Space chiefs have expressed full confidence in the Russian space craft that will carry the UAE’s first astronaut, despite last week’s dramatic launch failure.
A problem with the rocket stages at separation is now believed to have caused the aborted launch of a Soyuz craft on a mission to the International Space Station, with both astronauts returning safely to Earth.
However, an inquiry by both the Russian space agency Roscosmos and America’s Nasa could still delay launch plans for the first UAE astronaut, currently scheduled for early April.
A spokesman for the UAE Space Agency said that the safe return of the two astronauts on the failed launch was: “A testament to the high-level Russian space capabilities.”
“We are committed to our joint work with the Human Space Flight partners and we are confident with the safety measures adopted by Roscosmos," he added.
Manned flights to the ISS are currently suspended after the incident last Thursday, with Roscosmos provisionally identifying a collision between the rocket’s first and second stages as the cause although it has not yet said why this happened.
Because the Soyuz rockets also transport American astronauts to the space station, Nasa has said it will also be part of the formal investigation.
Two members of the new UAE astronauts corps are currently in Russia training for the mission.
Either Hazza Al Mansouri, 34 or Sultan Saif Al Neyadi, 37 will become the first Emirati in space.
The UAE last year signed a deal with the Russian space agency Roscosmos to train and fly its astronauts to the ISS, where they will conduct scientific experiments.
The mission, code-named MS-12, was provisionally set for April 5. The Emirati astronaut was to be accompanied by a Russian commander and an American flight engineer, returning to Earth around 10 days later.
The timing of that mission is now uncertain. The director general of Roscosmos Dmitry Rogozin has said on Twitter that the two astronauts from the failed mission, America’s Nick Hague and the Russian Alexey Ovchinin, would be sent back to the ISS next Spring - the slot currently reserved for the UAE.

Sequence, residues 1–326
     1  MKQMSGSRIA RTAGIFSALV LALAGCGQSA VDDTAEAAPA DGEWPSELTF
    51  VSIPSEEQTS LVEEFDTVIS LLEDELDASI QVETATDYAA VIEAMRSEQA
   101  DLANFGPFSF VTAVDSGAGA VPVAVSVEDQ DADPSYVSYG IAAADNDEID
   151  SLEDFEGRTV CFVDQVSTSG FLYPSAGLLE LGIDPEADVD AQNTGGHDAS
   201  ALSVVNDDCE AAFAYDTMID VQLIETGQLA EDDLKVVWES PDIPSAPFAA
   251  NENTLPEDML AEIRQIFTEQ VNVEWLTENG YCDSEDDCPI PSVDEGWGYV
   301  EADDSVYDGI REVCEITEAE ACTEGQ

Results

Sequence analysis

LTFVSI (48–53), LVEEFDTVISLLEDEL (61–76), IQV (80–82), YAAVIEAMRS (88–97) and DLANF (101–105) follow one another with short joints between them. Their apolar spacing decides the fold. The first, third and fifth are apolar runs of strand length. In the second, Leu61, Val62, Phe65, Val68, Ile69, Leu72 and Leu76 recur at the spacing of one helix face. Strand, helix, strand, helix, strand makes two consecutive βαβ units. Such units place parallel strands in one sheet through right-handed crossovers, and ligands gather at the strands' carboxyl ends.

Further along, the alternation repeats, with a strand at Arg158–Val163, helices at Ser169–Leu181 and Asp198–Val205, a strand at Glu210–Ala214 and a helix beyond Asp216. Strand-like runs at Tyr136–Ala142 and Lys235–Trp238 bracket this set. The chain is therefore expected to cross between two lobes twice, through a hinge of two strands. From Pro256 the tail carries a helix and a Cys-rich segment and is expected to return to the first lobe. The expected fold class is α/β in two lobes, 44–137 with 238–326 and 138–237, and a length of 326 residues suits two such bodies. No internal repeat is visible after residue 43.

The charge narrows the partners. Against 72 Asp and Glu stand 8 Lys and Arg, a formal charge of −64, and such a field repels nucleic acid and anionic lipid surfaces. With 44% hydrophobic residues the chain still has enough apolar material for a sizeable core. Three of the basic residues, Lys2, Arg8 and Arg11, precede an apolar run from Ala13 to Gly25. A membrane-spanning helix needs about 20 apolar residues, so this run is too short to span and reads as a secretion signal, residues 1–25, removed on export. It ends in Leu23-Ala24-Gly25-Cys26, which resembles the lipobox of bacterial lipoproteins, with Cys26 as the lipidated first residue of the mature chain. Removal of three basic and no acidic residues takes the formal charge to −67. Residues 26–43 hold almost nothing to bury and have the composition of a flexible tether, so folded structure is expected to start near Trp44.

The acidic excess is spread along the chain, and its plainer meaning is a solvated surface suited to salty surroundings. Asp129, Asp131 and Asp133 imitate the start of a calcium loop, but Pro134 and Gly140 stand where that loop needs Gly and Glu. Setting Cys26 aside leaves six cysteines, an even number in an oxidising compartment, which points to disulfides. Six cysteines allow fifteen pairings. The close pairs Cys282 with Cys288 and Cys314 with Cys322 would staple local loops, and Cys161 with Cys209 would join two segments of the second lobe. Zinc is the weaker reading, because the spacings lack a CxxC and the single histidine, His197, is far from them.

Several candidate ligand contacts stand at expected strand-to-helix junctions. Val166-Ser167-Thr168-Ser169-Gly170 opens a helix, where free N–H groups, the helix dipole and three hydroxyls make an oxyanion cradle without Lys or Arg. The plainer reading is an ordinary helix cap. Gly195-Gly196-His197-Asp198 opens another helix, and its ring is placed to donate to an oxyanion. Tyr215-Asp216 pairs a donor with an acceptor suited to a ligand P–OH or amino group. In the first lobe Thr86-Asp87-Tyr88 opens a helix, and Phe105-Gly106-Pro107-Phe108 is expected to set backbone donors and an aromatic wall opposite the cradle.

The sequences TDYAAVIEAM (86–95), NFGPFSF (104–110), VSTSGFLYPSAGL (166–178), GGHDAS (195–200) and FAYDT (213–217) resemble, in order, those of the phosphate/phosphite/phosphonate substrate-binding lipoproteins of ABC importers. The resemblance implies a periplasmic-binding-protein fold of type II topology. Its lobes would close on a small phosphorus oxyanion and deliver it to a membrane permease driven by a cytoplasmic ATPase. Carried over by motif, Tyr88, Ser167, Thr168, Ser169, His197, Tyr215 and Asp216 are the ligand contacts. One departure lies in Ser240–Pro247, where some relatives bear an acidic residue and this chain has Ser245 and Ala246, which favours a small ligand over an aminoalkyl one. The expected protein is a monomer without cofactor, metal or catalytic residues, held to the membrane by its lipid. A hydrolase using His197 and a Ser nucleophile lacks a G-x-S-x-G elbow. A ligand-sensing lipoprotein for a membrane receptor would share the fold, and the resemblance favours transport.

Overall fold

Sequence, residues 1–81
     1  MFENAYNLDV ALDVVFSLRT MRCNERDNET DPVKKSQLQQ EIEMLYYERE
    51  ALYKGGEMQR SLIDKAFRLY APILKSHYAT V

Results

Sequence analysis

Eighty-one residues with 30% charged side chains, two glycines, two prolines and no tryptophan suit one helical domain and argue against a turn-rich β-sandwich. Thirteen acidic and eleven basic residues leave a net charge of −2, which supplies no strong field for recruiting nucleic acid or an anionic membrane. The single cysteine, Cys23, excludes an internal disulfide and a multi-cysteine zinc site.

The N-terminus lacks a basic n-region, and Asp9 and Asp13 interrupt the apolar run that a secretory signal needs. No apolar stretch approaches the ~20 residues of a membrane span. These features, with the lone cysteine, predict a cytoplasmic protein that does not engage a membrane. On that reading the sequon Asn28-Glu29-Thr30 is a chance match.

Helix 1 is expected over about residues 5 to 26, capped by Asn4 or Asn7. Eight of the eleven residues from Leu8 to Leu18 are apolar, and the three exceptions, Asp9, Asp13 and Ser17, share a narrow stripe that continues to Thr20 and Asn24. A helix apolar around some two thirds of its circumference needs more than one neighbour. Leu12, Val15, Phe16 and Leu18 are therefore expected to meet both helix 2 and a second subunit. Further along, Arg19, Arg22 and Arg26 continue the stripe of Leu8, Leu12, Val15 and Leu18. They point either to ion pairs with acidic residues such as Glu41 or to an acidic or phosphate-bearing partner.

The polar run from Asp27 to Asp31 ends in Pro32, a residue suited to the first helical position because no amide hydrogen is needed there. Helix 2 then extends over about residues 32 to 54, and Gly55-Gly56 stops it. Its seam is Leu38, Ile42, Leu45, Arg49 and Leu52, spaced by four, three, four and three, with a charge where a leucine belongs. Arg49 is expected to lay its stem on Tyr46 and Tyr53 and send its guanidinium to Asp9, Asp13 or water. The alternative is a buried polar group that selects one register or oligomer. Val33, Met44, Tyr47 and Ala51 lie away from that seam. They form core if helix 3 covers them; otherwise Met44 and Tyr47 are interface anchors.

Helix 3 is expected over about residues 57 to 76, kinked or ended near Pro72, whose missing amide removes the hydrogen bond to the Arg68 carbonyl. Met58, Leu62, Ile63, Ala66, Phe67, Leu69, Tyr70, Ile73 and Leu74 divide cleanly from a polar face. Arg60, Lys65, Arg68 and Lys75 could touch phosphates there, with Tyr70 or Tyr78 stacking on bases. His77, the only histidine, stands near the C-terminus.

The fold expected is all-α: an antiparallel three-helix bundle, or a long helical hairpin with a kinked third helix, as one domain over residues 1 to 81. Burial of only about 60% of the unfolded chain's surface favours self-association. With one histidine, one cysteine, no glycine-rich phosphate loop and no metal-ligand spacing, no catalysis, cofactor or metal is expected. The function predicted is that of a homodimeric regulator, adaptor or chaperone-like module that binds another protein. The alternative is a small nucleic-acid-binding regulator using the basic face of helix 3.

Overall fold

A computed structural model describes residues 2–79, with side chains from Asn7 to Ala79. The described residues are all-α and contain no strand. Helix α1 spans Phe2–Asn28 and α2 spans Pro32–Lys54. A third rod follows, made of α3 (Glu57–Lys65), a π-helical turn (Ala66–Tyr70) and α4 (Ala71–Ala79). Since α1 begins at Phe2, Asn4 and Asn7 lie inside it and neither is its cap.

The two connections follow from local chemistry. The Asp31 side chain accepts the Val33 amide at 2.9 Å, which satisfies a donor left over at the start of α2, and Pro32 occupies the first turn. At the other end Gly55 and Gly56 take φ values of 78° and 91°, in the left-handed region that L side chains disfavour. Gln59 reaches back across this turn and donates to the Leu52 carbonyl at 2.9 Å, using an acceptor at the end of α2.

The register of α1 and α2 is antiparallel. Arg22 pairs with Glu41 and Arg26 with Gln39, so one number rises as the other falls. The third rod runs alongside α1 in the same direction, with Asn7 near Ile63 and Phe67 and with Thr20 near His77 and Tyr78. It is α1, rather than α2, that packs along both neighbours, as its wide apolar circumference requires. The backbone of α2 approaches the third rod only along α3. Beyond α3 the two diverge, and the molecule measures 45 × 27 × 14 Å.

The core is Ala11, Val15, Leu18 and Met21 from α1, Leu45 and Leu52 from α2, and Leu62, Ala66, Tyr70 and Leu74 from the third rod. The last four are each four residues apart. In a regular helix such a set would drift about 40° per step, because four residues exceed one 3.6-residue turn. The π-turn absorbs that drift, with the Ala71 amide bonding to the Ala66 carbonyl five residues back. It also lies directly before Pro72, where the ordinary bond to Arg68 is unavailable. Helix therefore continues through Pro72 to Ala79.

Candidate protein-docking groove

The next timetabled mission to the space station was set for December 20th this year, with a three man crew who will be relieving the astronauts currently orbiting the Earth.
Both Russia and American have expressed confidence that the launch, which was meant to be the last before the UAE mission, will take place as planned.
Speaking from Moscow, the head of Nasa, Jim Bridenstine, said: “I fully anticipate at this point that we will fly again on a Russian Soyuz rocket and I have no reason to believe at this point that it won’t be on schedule.”
His Russian counterpart, Mr Rogozin, also said that the Soyuz had “a long history of failure-less execution.”
However, it is not yet known how long the official inquiry will take, as well as implementing any recommendations that might emerge.
Roscosmos is still investigating another fault with another Soyuz capsule, which began leaking air two months ago when attached to the ISS.
The cause is though to be hole accidentally drilled by a Russian engineer when assembling the ship, despite initial claims that it might be sabotage.
Kenny Todd, the NASA operations manager for the ISS, has already said that the length of the inquiry was uncertain.
"We'll have to see where the data leads them," he said. "And if that's a month, or if it's two months, or six, I really can't speculate on the length of it.”
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A further complication is the rota in which astronauts are sent to the ISS. The three crew of the December launch were intended to replace the current astronauts on the space station.
In turn they would have been relieved by the three astronauts on the UAE mission.
A delay of more than three months raises the very real prospect of the ISS being left unmanned for the first time in its history. The three astronauts currently orbiting the Earth are the Russian Sergey Prokopyev, Nasa’s Serena Auñón-Chancellor and German Alex Gerst from the European Space Agency.
Astronauts leaving the ISS use the crew capsule that brought them there and which remains docked with the space station during their mission.
The batteries which power the Soyuz craft have a life of around 200 days, or just under seven months.
Since the current crew arrived in June, they must be relieved by early January or face the risk of being stranded in space for an unknown time.
Options at this stage are limited. Both the US and Russia can continue to fly supplies to the space station, using unmanned ships, including the SpaceX Dragon.
Should the current astronauts remains on board the ISS beyond January, they may need an additional flight to bring them home, likely further pushing back the UAE mission.
Both Nasa and SpaceX are developing their own manned spacecraft to end America’s dependence on Soyuz after the end of the Space Shuttle programme.
The Boeing Starliner is due to make its first manned flight in August 2019, while a crewed version of the SpaceX Dragon is currently scheduled for June next year.